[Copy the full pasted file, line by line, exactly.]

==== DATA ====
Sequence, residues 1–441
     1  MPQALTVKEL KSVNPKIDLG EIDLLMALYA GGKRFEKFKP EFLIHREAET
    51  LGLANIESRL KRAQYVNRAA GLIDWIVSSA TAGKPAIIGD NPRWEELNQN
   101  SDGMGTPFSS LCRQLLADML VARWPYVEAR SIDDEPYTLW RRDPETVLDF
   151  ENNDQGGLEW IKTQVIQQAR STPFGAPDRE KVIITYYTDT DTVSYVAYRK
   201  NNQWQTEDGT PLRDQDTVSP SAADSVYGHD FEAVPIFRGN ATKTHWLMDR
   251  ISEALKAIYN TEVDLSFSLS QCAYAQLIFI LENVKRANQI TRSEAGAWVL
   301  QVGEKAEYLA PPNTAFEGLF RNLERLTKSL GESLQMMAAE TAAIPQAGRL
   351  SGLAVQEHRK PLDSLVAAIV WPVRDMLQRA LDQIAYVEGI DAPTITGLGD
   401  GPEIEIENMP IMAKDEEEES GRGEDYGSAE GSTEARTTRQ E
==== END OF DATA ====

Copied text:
Sequence, residues 1–441
     1  MPQALTVKEL KSVNPKIDLG EIDLLMALYA GGKRFEKFKP EFLIHREAET
    51  LGLANIESRL KRAQYVNRAA GLIDWIVSSA TAGKPAIIGD NPRWEELNQN
   101  SDGMGTPFSS LCRQLLADML VARWPYVEAR SIDDEPYTLW RRDPETVLDF
   151  ENNDQGGLEW IKTQVIQQAR STPFGAPDRE KVIITYYTDT DTVSYVAYRK
   201  NNQWQTEDGT PLRDQDTVSP SAADSVYGHD FEAVPIFRGN ATKTHWLMDR
   251  ISEALKAIYN TEVDLSFSLS QCAYAQLIFI LENVKRANQI TRSEAGAWVL
   301  QVGEKAEYLA PPNTAFEGLF RNLERLTKSL GESLQMMAAE TAAIPQAGRL
   351  SGLAVQEHRK PLDSLVAAIV WPVRDMLQRA LDQIAYVEGI DAPTITGLGD
   401  GPEIEIENMP IMAKDEEEES GRGEDYGSAE GSTEARTTRQ E